Bush Administration Seen Retreating from Global Hazardous Waste Pact
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Bush Administration Seen Retreating from Global Hazardous
WASHINGTON - The U.S. government is considering walking away from
enhanced commitments to halt the dumping of hazardous waste in developing
countries, causing alarm among environmentalists .
At issue is a 1995 amendment to the Basel Convention on international
shipments of hazardous waste.
A spokesperson for the State Department says that although a decision
has not been made, the US administration is considering ratifying
only the 1989 convention and not the 1995 amendment, known informally
as the 'Basel Ban'. Unlike the treaty, the amendment forbids rich
countries from dumping toxic industrial and other waste in poor countries.
U.S.-based groups, however, say that officials told them last month
Washington would not sign on to the amendment. This has them worried,
because the 1989 Convention sets out to regulate shipments and therefore,
in their view, legitimizes dumping.
''Rather than trying to move in the right direction, the United States
is simply trying to move into a treaty in order to move it in the
wrong direction,'' they say in a letter delivered last week to the
State Department. The groups include the Center for International
Environmental Law, Greenpeace, Earthrights International, and Sierra
Unlike similar environmental protection treaties, the 1989 Basel Convention
on the Control of Transboundary Movement of Hazardous Wastes and Their
Disposal did not outlaw toxic shipments from industrialized countries
to developing nations.
When 82 countries added the ban by consensus in 1995, environmentalists
claimed this was the beginning of the end of the dumping, which had
been shown to endanger the health and environment of people in a number
of African, Asian and Latin American countries.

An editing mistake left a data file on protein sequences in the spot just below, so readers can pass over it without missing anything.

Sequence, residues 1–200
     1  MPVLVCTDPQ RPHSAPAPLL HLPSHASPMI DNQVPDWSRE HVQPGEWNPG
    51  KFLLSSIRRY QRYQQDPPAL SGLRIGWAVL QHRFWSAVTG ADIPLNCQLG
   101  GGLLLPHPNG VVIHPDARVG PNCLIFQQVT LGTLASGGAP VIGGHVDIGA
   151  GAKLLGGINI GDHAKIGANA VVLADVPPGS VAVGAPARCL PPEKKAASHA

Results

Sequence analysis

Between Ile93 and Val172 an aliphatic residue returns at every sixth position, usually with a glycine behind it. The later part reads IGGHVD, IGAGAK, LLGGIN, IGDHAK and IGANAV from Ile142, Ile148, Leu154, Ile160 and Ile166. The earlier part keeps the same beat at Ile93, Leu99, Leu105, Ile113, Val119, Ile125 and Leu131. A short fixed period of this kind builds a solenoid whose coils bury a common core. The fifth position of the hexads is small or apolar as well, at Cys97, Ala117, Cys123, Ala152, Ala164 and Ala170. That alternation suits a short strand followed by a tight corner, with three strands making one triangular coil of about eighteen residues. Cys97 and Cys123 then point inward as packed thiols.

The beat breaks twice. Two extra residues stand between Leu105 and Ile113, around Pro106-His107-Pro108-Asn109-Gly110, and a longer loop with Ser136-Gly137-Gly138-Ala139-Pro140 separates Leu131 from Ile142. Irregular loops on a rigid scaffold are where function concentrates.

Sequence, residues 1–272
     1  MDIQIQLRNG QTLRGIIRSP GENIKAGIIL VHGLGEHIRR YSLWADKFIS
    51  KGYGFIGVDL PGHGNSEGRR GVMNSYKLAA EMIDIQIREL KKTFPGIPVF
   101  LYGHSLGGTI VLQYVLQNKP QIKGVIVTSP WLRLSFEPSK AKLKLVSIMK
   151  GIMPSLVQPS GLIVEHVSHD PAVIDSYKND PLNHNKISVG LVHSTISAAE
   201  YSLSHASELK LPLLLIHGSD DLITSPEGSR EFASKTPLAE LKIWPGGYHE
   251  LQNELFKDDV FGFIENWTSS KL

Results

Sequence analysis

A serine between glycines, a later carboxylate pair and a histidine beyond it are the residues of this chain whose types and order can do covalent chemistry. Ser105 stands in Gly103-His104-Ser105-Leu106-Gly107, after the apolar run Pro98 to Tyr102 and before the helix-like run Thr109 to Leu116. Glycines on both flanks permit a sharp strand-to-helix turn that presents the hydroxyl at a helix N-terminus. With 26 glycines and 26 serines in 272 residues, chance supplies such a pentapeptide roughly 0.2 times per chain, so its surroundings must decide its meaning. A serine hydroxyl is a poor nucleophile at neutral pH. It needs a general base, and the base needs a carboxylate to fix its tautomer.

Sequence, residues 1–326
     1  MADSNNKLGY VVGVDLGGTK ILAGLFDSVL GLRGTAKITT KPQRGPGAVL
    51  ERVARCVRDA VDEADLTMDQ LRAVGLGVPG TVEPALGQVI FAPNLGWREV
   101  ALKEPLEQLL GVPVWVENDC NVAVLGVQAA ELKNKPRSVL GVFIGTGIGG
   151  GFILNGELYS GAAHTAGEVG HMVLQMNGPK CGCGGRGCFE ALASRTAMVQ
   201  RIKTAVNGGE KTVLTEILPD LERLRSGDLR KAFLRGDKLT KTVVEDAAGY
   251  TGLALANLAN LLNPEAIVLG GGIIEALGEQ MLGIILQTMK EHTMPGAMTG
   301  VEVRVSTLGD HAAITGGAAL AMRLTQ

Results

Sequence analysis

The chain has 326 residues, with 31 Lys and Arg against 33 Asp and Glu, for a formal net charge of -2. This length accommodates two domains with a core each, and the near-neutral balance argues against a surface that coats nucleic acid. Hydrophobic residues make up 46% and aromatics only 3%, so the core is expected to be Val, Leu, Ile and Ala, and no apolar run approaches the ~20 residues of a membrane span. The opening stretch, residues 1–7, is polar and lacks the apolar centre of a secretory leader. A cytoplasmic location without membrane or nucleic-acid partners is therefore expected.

In their letter, the groups say the Basel Ban is one of the ''best
opportunities'' to not only halt the toxic flow to the developing
world, but also to reduce the toxicity of waste generated in the rich
countries themselves. Once the relatively cheap option of dumping
is removed, they argue, firms in the industrialized world will have
an incentive to clean up the waste in the first place.
The 15-member European Union (EU) has ratified the amendment, as have
16 other countries. These include China, Ecuador, Norway, Panama,
Sri Lanka, and Trinidad.
The United States has never supported the ban and has sought to have
it rejected or weakened, critics say. Although Al Gore, then US vice
president, said in 1994 that Washington would seek an international
ban on toxic waste exports, pressure from industry has proven more
influential in shaping the US position.
''The United States position on this important moral and environmental
question has been dictated by a very small sector of the business
community,'' says Jim Puckett, coordinator of the Basel Action Network.
Corporate groups opposed to the ban include the US Chamber of Commerce
and the Business Recycling Coalition.
Their case against the ban was laid out in 1998, in a report commissioned
by the business-backed International Council on Metals and Environment
and prepared by the Center for Trade Policy and Law, both based in
These detractors assert that the ban violates international trade
rules, denying waste importing countries the right to determine their
own policies, particularly in cases where the importing country has
the capacity to manage the waste in an environmentally sound manner.
''These countries should be authorized to have access to resources
needed to further develop their recycling abilities and their economies,''
says the 1998 report.
Environmental groups, however, say the trade in waste has had disastrous
In 1988, for example, a cargo ship dumped 4,000 tons of hazardous
incinerator ash from the US city of Philadelphia onto a beach outside
the Haitian port city of Gonaive.
After having been turned away at ports around the world, the waste
that no country wanted ended up in one of the poorest nations in the
world, one ill-equipped to handle the ash.
The ash, which contained toxic heavy metals such as lead and cadmium,
contaminated the soil in Gonaive, according to the Haitian environmental
group COHPEDA. Some of the ash was later taken to the town of Lapierre,
where cattle subsequently died.
Several workers hired to transport the toxic materials from the dock
also have since died. They had not been provided protective masks,
gloves or boots. Many reportedly suffered skin lesions and eyesight
After much pressure from COHPEDA and US environmentalists, the waste
was shipped back to the United States last year. As of April, it was
still sitting on a barge off the coast of Florida state.
Copyright © 2001 IPS-Inter Press Service